I am designing a neural network using Deep Q-Learning, which teaches an agent how to play Snake (The classic Nokia game from the 90'ies). The goal of the game is to navigate the snake on a playing field (2D), and to eat a randomly placed fruit. As the Snake eats the fruit, it grows in length. The game ends if the snake hits the game border, or it self, so as the number of fruits consumed increases, so does the difficulty of navigating without hitting something.
I have trained the Snake game on a 10x10 playing field using the following inputs:
- x direction of the snake
- y direction of the Snake
- The fraction of playing field occupied by the snake itself
- A bool which says if the fruit is in front of the snake (from it's current direction)
- A bool which says if the fruit is to the left of the snake (from it's current direction)
- A bool which says if collision (game over) in front of the snake is possible
- A bool which says if collision to the right is possible
- A bool which says if collision to the left is possible
With this choice of inputs I am getting the Snake agent to work reasonably well, and score until it plateaus out. I have examined the cases where the snake dies, and it all happens when it has no way of escaping, for example, it turns around and blocks its own path, until it finally has no where to go. This is more likely to happen as the Snake increases in lenght.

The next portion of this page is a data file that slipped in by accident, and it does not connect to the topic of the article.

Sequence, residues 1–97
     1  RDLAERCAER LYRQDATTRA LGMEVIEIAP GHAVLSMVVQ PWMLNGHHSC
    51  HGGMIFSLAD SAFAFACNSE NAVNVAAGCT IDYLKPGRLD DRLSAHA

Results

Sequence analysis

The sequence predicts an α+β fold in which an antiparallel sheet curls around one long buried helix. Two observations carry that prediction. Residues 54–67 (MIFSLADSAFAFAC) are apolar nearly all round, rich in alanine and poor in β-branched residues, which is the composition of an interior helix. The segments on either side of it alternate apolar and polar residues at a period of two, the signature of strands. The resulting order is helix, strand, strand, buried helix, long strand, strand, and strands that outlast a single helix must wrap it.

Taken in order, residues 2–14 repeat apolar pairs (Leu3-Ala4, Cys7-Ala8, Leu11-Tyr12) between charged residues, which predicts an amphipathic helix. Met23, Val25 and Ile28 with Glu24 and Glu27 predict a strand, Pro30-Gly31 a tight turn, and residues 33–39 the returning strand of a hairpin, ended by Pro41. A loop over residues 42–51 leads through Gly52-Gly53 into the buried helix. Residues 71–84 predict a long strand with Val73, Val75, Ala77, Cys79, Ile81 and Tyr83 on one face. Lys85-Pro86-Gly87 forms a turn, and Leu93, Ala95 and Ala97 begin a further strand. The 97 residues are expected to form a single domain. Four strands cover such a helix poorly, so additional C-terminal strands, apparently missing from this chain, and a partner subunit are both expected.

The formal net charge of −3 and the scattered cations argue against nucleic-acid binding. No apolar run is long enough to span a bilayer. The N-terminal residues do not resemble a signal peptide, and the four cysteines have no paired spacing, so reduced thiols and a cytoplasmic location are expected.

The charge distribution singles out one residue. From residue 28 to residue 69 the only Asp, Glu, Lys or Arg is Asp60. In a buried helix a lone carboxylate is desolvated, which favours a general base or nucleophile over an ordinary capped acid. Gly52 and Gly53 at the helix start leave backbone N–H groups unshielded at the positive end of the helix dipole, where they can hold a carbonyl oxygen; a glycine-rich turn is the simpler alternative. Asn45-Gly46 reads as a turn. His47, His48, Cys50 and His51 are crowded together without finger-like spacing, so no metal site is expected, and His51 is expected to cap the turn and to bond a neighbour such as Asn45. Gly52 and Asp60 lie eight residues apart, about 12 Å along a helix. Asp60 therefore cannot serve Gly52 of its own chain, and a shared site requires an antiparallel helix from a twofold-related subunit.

I was thinking on how I could improve this performance. It seems to me, that the reason the Snake can make a self-blocking turn is because of the inputs. Since the path it takes is clear, there's no information, that the next path is not, or that continuing further down will eventually lead to game over. If the Snake agent was aware of all obstacles in each step, i.e. the entire state-space, then I could imagine that would help train the network towards finding the optimal path without ending up blocking itself.
Since I have made the Snake game myself, I can return to the agent a matrix, or an unfolded vector, which contains the inputs for each column / row on the playing field. A blocked cell would be set to 0, a free cell 1, the fruit cell has value 0.75 and the snake head (which moves) could be assigned value 0.25. After trying this approach, I have to say I was unsuccesful. The snake ends up just turning in circles, even if I use the same reward system as the 8 input case shown above.
I am therefore trying to understand what is happening here. Am I missing information? I would think the full 10x10 state space would give me exactly enough information to lead to the correct evaluation of the next path. I would very much like to hear someone elses input to this approach.
Thanks a lot